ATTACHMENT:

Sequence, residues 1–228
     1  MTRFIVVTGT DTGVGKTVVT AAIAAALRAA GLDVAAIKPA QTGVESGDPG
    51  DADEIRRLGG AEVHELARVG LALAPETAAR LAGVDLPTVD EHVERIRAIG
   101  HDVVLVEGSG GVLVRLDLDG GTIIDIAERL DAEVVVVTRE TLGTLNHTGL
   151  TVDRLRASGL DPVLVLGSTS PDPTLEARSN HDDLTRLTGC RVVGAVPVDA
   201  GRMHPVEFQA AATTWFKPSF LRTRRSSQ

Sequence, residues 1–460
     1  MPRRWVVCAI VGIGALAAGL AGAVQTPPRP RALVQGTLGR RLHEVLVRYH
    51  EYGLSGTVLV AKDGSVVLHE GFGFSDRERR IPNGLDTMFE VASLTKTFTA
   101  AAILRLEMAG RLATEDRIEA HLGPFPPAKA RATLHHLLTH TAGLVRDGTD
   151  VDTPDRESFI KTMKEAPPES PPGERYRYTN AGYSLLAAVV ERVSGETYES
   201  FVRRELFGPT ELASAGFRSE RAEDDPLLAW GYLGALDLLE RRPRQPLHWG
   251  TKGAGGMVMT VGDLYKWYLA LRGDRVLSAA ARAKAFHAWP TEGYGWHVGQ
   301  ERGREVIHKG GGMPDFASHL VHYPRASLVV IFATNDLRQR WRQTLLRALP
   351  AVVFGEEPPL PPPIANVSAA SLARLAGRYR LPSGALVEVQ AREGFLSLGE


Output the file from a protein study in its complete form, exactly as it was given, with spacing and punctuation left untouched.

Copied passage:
Sequence, residues 1–228
     1  MTRFIVVTGT DTGVGKTVVT AAIAAALRAA GLDVAAIKPA QTGVESGDPG
    51  DADEIRRLGG AEVHELARVG LALAPETAAR LAGVDLPTVD EHVERIRAIG
   101  HDVVLVEGSG GVLVRLDLDG GTIIDIAERL DAEVVVVTRE TLGTLNHTGL
   151  TVDRLRASGL DPVLVLGSTS PDPTLEARSN HDDLTRLTGC RVVGAVPVDA
   201  GRMHPVEFQA AATTWFKPSF LRTRRSSQ

Sequence, residues 1–460
     1  MPRRWVVCAI VGIGALAAGL AGAVQTPPRP RALVQGTLGR RLHEVLVRYH
    51  EYGLSGTVLV AKDGSVVLHE GFGFSDRERR IPNGLDTMFE VASLTKTFTA
   101  AAILRLEMAG RLATEDRIEA HLGPFPPAKA RATLHHLLTH TAGLVRDGTD
   151  VDTPDRESFI KTMKEAPPES PPGERYRYTN AGYSLLAAVV ERVSGETYES
   201  FVRRELFGPT ELASAGFRSE RAEDDPLLAW GYLGALDLLE RRPRQPLHWG
   251  TKGAGGMVMT VGDLYKWYLA LRGDRVLSAA ARAKAFHAWP TEGYGWHVGQ
   301  ERGREVIHKG GGMPDFASHL VHYPRASLVV IFATNDLRQR WRQTLLRALP
   351  AVVFGEEPPL PPPIANVSAA SLARLAGRYR LPSGALVEVQ AREGFLSLGE